Debbie commented today, after looking at all the books on my desk, “Do you know you have 31 books on forgiveness?” Actually, I didn’t but she’s pretty close. I’m working on a writing project about forgiveness. In the process, I am trying to craft a new definition for forgiveness, which is harder than you might think.
I’m interested in a definition of forgiveness that can be applied in pastoral ministry in the local church. In other words, I’m looking for a definition of forgiveness that pastors can share with their members to encourage them to practice “forgiving each other, just as in Christ God forgave you.”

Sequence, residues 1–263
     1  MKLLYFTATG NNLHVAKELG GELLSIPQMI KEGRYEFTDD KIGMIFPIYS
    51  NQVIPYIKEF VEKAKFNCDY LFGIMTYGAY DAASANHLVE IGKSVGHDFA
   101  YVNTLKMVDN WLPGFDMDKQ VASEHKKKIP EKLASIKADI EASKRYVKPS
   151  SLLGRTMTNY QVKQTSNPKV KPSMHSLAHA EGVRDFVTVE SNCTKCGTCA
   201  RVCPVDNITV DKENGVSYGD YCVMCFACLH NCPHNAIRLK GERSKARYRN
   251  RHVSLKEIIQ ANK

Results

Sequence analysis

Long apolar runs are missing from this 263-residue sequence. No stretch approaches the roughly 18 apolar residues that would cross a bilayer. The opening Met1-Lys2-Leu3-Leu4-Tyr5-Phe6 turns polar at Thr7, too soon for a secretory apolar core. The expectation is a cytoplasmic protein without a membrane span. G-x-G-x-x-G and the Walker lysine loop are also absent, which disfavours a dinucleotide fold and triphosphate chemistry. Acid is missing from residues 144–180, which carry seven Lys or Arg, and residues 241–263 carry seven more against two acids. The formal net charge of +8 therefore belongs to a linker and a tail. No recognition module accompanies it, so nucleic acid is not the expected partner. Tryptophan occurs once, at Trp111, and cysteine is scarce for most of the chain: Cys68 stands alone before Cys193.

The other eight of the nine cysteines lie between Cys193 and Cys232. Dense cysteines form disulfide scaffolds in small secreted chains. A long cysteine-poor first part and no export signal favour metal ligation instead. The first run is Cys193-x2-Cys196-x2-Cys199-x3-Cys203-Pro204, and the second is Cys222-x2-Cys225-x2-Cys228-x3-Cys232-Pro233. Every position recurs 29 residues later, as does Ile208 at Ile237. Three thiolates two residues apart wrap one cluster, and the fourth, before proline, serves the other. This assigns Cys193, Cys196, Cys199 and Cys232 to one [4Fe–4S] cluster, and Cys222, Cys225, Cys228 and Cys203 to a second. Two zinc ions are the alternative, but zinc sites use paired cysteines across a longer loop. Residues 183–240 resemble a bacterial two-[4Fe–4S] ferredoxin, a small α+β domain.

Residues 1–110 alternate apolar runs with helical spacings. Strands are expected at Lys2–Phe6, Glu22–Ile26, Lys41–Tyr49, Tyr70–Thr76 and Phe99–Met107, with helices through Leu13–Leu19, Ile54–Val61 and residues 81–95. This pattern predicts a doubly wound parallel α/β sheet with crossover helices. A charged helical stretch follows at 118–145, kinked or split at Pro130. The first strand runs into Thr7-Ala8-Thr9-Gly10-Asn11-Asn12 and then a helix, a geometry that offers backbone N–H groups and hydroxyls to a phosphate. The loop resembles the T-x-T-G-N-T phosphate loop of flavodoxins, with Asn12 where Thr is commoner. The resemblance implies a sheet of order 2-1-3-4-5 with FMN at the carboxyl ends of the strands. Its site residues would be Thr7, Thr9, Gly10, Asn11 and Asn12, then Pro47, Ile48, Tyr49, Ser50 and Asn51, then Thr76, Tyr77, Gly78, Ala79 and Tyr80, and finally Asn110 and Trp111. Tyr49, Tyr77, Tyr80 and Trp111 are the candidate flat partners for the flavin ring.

I am advocating for a new definition of forgiveness that:
- Takes into account the idea of forgiveness as a process;
- Produces an effect that is recognizable, so that a person can determine if they are acting in a forgiving manner;
- Values the broken relationship;
- Is useful both in situations where the offender has asked for forgiveness, and in situations where he has not done so;
- Seeks reconciliation as the final goal of forgiving acts;
- Attends to the psychological and spiritual health of the offended;
- Deals with the problems of memory and emotions in the forgiving process; and,
- Can be practically applied in local church ministry to assist and encourage the forgiving process.